Tuesday, May 9, 2017

Getting to Know Astros/Hooks LHP Mike Freeman

LHP Mike Freeman was drafted by the Astros in the 7th round in 2015 out of Oklahoma State University, and he immediately made his mark in the system. After starting his first season at Low A Quad Cities, he received an early August promotion to High A Lancaster, followed by a late season promotion to AA Corpus Christi.

Mike Freeman - April 2017
Photo by Jayne Hansen

Freeman's excellent start in the Quad Cities bullpen (1.50 ERA and 1.157 WHIP in 8 appearances) was eclipsed by his even better stint with Lancaster (0.49 ERA and 0.709 WHIP in 7 appearances) where his high ground ball out rate served him well in a park widely known as a pitcher's nightmare. That he ended his season in Corpus Christi with an overall record of 2-1, a 1.17 ERA and a 0.991 WHIP came as no surprise to anyone who saw his success that season.

Then came 2016 and things did not go quite as swimmingly for Freeman. He started to struggle early and never quite got his feet under him. At the end of the season, he was 3-4 with a 7.19 ERA and a 2.041 WHIP in 37 appearances, 56.1 innings pitched. Thankfully, he got off to a much better start this year, going 2-0 with one save, a 1.50 ERA and a 1.500 WHIP in his nine appearances in April.

I asked Freeman about his tough 2016 season and what is going better for him this year. He told me, "It's kind of like my body never really recovered. I just didn't ever feel right. I was pretty worn down after a long season (in 2015). I ended up throwing 150 innings total between college and that first half season after I signed. And I'd never thrown more than 85 innings in a season. And that year before, between college and summer ball, I threw like 45 innings, 50 innings. So I pretty much tripled what I'd done the previous year. That was an adjustment, throwing that much. I always felt worn down. So, really, I just got some time to let my body recover a little bit more this off season and I feel good. I was just real achy and just didn't feel right last season. I started second-guessing myself and why it was that way and got off a little bit mechanically. This season I got back into a groove, my body feels better and I worked on some things mechanically with my college pitching coach. I'm feeling a lot better."

Corpus Christi Pitching Coach Dave Borkowski said of Freeman overcoming his struggles, "I think that he had a good off season. I think he has an idea of what's expected of him. He was able to plan for it. I think he's a little more ready for what's expected, has a little bit more confident look about him. And all it is is him trusting his stuff through the zone. He gets in trouble when he tries to be fine, pitch away from contact. He's got such good movement that he doesn't have to hit the black with all his pitches."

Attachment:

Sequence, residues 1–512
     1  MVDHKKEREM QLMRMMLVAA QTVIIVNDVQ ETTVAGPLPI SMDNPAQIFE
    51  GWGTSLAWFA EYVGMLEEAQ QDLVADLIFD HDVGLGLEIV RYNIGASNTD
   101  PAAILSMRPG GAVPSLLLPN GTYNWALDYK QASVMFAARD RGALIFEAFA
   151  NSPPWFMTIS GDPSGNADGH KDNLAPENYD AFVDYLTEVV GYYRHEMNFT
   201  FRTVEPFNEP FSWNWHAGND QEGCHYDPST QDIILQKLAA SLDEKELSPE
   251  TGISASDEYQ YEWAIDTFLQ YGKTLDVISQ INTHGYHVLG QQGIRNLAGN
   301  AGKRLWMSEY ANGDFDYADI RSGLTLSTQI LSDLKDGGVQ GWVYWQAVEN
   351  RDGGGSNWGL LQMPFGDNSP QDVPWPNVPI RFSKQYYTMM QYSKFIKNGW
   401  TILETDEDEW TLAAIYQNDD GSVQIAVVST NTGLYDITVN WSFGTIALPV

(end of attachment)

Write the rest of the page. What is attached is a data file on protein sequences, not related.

Freeman doesn't throw heat. But the lefty can be very effective with his mid-to-high 80's fastball and slider that he throws from a low 3/4 slot, generating good movement on the pitches. He is also working on a changeup. "I've been working on the changeup this off season and mixing it in more this season just to have another pitch, especially against righties to do a little bit more damage and to keep them off the fastball. I like both (the fastball and slider) and they're both pretty effective."

As far as what's going well for him so far this season, Freeman says, "Just keeping the ball in play. Getting guys out and making aggressive pitches. Every once in a while I may get loose on a few batters here and there, but then get back in it and (limit the) damage. Keeping the ball on the ground for the most part is what I usually do and just keeping guys more off-balance and just being more aggressive with everything this year."

One thing that he knows he'll need to work on to get to the next level are the free passes. Freeman says that he needs to "throw more strikes consistently." He continues, "Every once in a while I may get a little off and walk a guy and have 4-pitch walks and that just can't happen. 4-, 5-pitch walks can't happen and just giving up free bases in general. Keeping that aggressive mentality throughout a whole game and against all hitters, and just going after guys and getting them."

When I asked Freeman about the players behind him in the field when he pitches, he was effusive in his praise of everyone on the team, "We're in AA. All these guys are really talented. There's a reason why they're here. They definitely have earned it and definitely deserve it.  I think they all deserve about as much credit as I could give them." But he did make note of two players in particular, "One thing I've been really impressed with is (Jon) Singleton. I'd never seen him play until this spring. Being as big a guy as he is, he's really athletic. And then even (Tyler) Wolfe is here right now and he's a really quality player. He's a competitor. He played at Kansas State when I was at Oklahoma State and he's a good ballplayer."

The biggest surprise to me in interviewing Freeman is how quiet and "normal" the tall lefty is, particularly after talking to dozens of lefty pitchers over the years; that breed of player has a tendency to be rather, ahem, eccentric. But Freeman seems to be the exception that proves the rule and, but for his 6'8" height, wouldn't necessarily stand out in a crowd. When asked for something about himself that some might find surprising, he told me, "I studied Biology in school. I was a Biology major. That would probably be fairly surprising to most people. I thought I might want to be a Physician Assistant one day. Hopefully, I don't ever have to do anything like that. Stay in baseball for a while. That's the plan."

That's the plan, indeed. Thank you for your time, Mike, and best of luck as your season and your career unfolds.

Other Recent Interviews:
RHP Akeem Bostick

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